Guam – After more than five years since the collapse of a prostitution ring at the now closed Blue House lounge, two police officers involved in the case, David Manila and Anthony Quenga, will finally be taken to trial.
Superior Court Judge Anita Sukola announced today that jury selection will begin Wednesday, June 19, at 1 pm. Quenga, Manila and the former bar owner, Song Ja Cha, are facing numerous counts of prostitution and criminal sexual conduct charges. Because the police officers asserted their rights to a speedy trial, Sukola prioritized their cases to take to trial immediately.
The decision to go to trial comes in the wake of a Supreme Court decision to deny a writ of mandate filed by Quenga who claimed his speedy trial rights were violated.
“This court finds that it is not precluded from moving forward with jury selection and trial with this matter. For that reason we now begin our pretrial conference,” announced Sukola.
Judge Sukola went over a pre-trial list with the parties in court. Defense attorneys Sylvia Stakes for Quenga and Terry Timblin for Manila expressed some concerns over their preparedness for trial. Both were just appointed to represent their respective clients recently after a number of other lawyers pulled out from the case for various reasons.
Stakes had filed a motion minutes before the pre-trial hearing asking the court for an extension of 10 days to review the case she had just inherited in the last few days.
“Ms. Stakes, the court is going to deny your motion … when a court appoints an attorney to a case, that attorney has five days from the day of appointment to prepare for trial, especially in light of an attorney’s assertion of speedy trial which your client, ma’am, continues to assert,” stated Sukola.
All three attorneys in the Blue House case were asked to calculate how long they may take in presenting their cases for trial. Assistant Attorney General Jonathan Quan, lead prosecutor for the case, indicated that based on the number of witnesses he may call to the stand, he expects his presentation to take about two weeks. Timblin says his cross examination could take an additional week. However, Stakes indicated that it’s difficult for her at this point to quantify how much time she will need, given that Judge Sukola denied her motion to extend.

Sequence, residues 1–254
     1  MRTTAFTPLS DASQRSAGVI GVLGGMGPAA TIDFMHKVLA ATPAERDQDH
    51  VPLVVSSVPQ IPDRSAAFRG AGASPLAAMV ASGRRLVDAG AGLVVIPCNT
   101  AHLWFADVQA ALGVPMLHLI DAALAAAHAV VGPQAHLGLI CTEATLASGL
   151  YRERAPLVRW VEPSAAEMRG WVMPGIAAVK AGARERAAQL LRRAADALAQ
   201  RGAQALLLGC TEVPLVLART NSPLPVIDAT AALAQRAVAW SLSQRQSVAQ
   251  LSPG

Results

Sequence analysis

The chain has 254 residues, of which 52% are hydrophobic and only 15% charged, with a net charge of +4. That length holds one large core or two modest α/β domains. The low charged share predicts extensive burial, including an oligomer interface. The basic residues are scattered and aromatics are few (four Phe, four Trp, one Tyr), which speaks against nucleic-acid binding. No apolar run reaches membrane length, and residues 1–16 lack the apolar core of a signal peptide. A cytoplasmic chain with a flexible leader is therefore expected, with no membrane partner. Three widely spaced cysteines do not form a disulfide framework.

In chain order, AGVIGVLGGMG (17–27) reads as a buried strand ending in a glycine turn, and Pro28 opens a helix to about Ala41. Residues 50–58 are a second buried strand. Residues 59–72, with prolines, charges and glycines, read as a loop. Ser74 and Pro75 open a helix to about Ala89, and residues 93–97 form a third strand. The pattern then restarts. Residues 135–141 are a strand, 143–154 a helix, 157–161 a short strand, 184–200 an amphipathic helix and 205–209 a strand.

“At this point I don’t have any witnesses yet. I have not had the time, as you can tell from my motion that you had denied, that I have not really conferred with my client as far as his defense is concerned. I’ve gone over the materials and the cds. I still have some discrepancies with discovery which I think prosecution is going to work out,” noted Stakes.
She estimated, however, that based on the number of witnesses called to the stand, her cross examination could take an additional week.
Sukola says a total of 82 witnesses have been identified, 32 of whom were called by the prosecution. Out of that number, Quan says he may only call up to 20 of those witnesses. The witnesses will include law enforcement officers, former Blue House employees, investigators and friends and family members of the defendants.
Officer Manila has previously testified in the federal trial of Cha that he had sex with a Blue House employee. In that federal trial, Cha was found guilty of numrous human trafficking charges and sentenced to life in federal prison.